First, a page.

SAN LUIS, Ariz. – Residents here will get three opportunities beginning Tuesday to comment on a proposal to convert wind to electricity in two towers in the city.
The San Luis Planning and Zoning Commission will hold a public hearing at 7 p.m. Tuesday at City Hall, 1090 E. Union St., on a proposed amendment to the city’s general plan to allow a Maryland firm, Clean Wind Energy, to erect towers on the city’s east side near the Mexican border.
The towers would use desalted water piped from the Sea of Cortez to cool hot, dry air, which in turn would fall through the shafts at high speed, driving turbines that would produce electricity for sale in California and Arizona, under the firm’s proposal.
The towers, which could reach thousands of feet into the sky, would be located on 1,760 acres of federal land south County 26th Street and between Avenues A and C. Clean Wind Energy proposes to lease the land from the U.S. Bureau of Reclamation.
Earlier this year, the planning and zoning commission and the city council approved the company’s request to rezone half of the site from agricultural to industrial use to allow for the towers. The remaining 880-acre half of the site that is sought for the project must be rezoned as part of an amendment to the general plan, according to Clean Wind Energy’s attorney, Barry Olsen.
Following Tuesday’s public hearing and another on Oct. 16, the proposed amendment is scheduled to go before the city council on Nov. 14 for possible approval, said Sharon Williams, the city’s Development Services director. The public will also have an opportunity to comment on the towers at the council session.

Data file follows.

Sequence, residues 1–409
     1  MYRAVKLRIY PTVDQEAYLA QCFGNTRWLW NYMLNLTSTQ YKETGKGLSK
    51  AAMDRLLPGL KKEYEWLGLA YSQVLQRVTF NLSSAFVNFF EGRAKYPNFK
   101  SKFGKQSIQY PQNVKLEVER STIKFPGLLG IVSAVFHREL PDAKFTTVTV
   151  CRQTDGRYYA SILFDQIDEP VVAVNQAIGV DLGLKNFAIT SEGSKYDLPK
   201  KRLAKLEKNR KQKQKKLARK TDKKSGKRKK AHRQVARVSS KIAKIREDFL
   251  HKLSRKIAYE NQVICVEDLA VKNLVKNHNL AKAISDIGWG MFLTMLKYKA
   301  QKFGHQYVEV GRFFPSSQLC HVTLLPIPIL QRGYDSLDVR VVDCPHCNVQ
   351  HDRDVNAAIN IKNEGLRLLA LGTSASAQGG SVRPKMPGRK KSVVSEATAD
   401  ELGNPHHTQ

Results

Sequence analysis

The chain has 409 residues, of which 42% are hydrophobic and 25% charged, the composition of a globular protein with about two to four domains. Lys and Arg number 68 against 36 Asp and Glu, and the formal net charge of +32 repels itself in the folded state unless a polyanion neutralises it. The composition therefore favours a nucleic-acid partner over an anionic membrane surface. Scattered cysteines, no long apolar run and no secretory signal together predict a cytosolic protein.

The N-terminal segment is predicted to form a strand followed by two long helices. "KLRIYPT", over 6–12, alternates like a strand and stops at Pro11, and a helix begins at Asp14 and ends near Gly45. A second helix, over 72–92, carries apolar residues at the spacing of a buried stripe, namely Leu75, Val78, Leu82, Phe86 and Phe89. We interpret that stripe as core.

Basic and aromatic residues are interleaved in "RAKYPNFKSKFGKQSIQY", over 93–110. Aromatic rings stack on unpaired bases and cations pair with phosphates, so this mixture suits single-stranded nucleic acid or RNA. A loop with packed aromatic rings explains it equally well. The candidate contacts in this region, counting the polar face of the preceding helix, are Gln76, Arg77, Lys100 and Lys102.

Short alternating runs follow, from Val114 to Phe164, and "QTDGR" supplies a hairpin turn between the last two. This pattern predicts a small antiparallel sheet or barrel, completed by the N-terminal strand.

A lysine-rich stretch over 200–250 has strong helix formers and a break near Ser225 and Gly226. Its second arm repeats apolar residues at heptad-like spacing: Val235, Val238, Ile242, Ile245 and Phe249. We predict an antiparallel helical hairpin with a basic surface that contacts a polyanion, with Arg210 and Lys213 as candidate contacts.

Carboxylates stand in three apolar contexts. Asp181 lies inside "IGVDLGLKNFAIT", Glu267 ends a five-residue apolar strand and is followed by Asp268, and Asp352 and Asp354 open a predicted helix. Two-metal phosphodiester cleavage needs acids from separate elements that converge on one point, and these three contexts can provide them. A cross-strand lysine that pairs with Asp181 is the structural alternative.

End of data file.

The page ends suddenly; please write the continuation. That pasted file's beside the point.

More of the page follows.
The company’s president and CEO, Ronald Pickett, initially said the towers would reach about 3,000 feet high, prompting skepticism about the feasibility of the project among some area residents and observers. More recently he has said 3,000 feet would be the maximum height but that the towers could end up being shorter.
The public hearings on the energy proposal are required as part of the process for amending the general plan, which serves as a guide for land use in the city. The first in the series of hearings took place last week, during which Olsen spoke about the towers project for the Maryland firm.
At the same time it proceeds through the steps of securing the general plan amendment, it is working on the project design and lining up private investors, he said.
“This project will not require the resources or the services of the city,” he said, “and government funds will not be involved.”
Company officials estimate construction of the towers would take place over an eight- to 10-year period, employing about 2,500 workers. After that, the two towers would employ about 1,000 permanently, they say.
Olsen called on residents to give impetus to the energy by voicing their support to federal officials.
“We would like to see the support of the community and for them to contact the local office of Congressman (Raul) Grijalva and the Bureau of Reclamation to express to them that support. We believe the more people from San Luis and from Yuma County who call, the more feasible the project becomes.”
After Tuesday’s hearing, the planning and zoning commission will hold another at 7 p.m. Oct. 16 in the Cesar Chavez Cultural Center in San Luis, 1015 N. Main St.
The public will also have a chance to comment on the project as it comes before the city.
Following approval of the general plan, the firm will be required to do an environmental impact study for the project, Olsen said.
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